Do Over: EYG Sunday Morning Revisit Week 10
I watched Clerks when I was younger, but I can honestly say that I remembered almost nothing about the movie. I remember the hockey on the roof, the black and white filming, and that Jay and Silent Bob were in it. Other than that, Clerks was a big blank slate in my memory.
I have become a big Kevin Smith fan, though I have not always enjoyed his movies. Watching his podcast Fatman Beyond is always a great time and, from watching, I knew that he had been working on Clerks 3 and that it will be released this year some time. So I decided that I should probably give the previous Clerks movies a Do Over before I watch Clerks 3.
A convenience store clerk Dante (Brian O’Halloran) gets called in to work on his day off and he deals with all sorts of craziness with his friend and fellow clerk from the neighboring video store Randal (Jeff Anderson), his current girlfriend (Marilyn Ghigliotti), and his former girlfriend Caitlin (Lisa Spoonauer).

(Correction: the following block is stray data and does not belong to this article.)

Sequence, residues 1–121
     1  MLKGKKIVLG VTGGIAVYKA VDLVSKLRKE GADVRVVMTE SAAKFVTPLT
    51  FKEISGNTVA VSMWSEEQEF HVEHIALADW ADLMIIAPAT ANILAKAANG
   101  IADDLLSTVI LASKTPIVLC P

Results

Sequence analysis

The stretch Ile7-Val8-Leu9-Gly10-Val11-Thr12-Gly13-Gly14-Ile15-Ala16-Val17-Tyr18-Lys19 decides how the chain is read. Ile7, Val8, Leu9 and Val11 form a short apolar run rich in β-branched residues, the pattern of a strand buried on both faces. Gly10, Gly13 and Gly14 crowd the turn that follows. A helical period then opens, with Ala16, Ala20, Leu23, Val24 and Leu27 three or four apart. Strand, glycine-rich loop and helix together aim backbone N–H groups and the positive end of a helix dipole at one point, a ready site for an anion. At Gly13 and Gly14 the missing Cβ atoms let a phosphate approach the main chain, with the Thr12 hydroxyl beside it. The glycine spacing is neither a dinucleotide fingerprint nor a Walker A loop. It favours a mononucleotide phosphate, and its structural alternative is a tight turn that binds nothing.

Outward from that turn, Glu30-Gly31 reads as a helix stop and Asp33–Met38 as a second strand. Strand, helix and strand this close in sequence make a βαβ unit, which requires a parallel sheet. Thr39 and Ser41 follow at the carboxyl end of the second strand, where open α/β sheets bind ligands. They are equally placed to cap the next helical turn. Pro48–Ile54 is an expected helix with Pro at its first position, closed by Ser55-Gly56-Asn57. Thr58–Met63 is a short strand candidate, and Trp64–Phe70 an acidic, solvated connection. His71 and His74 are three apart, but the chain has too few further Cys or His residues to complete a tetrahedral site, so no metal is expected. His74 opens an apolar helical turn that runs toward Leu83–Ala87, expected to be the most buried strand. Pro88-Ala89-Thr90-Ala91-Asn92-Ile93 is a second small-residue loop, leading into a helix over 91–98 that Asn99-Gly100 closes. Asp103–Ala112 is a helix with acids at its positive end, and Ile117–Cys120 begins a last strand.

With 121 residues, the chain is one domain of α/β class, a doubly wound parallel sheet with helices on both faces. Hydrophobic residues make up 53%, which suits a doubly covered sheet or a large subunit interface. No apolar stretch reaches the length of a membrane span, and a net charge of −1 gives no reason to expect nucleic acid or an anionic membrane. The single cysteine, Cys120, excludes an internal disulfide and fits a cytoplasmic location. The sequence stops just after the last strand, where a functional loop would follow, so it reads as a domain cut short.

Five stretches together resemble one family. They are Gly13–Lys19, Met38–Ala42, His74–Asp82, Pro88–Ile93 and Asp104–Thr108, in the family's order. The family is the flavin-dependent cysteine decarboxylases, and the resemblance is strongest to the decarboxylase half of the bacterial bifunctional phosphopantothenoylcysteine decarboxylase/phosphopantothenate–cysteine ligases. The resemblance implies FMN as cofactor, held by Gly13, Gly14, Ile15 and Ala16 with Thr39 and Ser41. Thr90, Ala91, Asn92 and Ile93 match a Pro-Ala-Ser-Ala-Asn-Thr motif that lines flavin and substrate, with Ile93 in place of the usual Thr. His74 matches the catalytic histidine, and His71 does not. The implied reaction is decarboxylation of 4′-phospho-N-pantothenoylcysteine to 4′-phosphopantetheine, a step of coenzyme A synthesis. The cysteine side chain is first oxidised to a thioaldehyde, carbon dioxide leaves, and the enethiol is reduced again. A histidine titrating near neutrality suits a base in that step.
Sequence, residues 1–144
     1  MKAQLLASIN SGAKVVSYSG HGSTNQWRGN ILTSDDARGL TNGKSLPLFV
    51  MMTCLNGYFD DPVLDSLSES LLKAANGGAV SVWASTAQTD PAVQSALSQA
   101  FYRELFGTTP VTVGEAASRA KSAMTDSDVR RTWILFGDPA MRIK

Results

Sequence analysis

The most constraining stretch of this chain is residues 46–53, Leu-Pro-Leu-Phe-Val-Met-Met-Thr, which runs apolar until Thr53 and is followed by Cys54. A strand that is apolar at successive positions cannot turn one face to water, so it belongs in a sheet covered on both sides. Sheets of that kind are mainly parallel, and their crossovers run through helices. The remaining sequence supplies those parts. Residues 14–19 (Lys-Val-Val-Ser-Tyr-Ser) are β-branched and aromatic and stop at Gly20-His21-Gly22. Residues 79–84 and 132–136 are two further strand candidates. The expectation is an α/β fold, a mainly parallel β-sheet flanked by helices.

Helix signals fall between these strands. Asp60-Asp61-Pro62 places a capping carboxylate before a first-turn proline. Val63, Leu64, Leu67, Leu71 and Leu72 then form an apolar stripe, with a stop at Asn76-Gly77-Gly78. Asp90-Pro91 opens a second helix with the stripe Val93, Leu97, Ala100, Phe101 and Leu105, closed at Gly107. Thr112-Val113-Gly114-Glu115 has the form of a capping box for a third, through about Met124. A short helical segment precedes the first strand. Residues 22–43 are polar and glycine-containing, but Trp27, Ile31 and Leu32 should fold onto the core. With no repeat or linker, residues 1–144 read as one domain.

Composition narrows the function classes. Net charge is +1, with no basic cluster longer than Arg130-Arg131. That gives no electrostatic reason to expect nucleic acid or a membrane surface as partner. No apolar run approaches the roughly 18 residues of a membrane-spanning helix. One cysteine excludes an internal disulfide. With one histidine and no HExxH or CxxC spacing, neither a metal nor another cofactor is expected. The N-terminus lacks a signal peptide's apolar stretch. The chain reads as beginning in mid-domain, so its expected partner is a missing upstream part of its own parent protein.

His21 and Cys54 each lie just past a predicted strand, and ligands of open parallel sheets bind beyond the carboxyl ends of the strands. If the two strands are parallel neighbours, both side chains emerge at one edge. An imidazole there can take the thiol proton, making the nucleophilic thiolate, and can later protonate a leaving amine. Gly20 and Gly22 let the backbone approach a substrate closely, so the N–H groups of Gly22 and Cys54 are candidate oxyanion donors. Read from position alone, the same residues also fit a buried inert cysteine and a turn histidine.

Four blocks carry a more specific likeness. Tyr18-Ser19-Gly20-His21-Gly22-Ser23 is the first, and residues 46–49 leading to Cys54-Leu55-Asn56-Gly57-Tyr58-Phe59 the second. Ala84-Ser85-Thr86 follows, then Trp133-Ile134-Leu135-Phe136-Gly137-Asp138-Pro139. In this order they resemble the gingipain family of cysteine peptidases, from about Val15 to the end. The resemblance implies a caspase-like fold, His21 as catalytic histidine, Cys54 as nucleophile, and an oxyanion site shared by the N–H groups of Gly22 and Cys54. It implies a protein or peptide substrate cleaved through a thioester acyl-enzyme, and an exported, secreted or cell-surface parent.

There is not much narrative structure, but that is what was intended with this film, which is a series of incidents and the way in which it affected Dante. Dante’s constant complaint that he “wasn’t supposed to be here” was the rally cry for Dante’s continually downward spiral of a day.
The dialogue of Clerks is absolutely the selling point of the film. It is, at times, vulgar, reflective, combative, depressing, hopeful, but at all time hilarious. The fast-paced, fast-witted dialogue sparked each bizarre scene with a burst of energy that creates a remarkably entertaining film.
Randal, the consistently badly behaved and poor influence, seemed to have the key to encouraging Dante to do things that he wouldn’t normally do. Randal does it in such a deadpan manner that he feels more like the devil-on-the-shoulder than a friend to Dante.
Jay (Jay Mewes) and Silent Bob (Kevin Smith) start their run of appearances here as the film kept coming back to see them in a series of weird moments (almost vignettes) of the pair dancing to music or doing other juvenile activities.
As with a lot of Kevin Smith movies, there are plenty of references to drugs and sex, but it all seemed to be stream of consciousness for the misbehaving duo.
The black and white shots made this feel so much more classic than just a couple of losers talking about their failing existences. It gave the film a distinct feel and was a fascinating choice.
This was very original and you could see how this helped launch the career of Kevin Smith. Next week we will look at Clerks 2.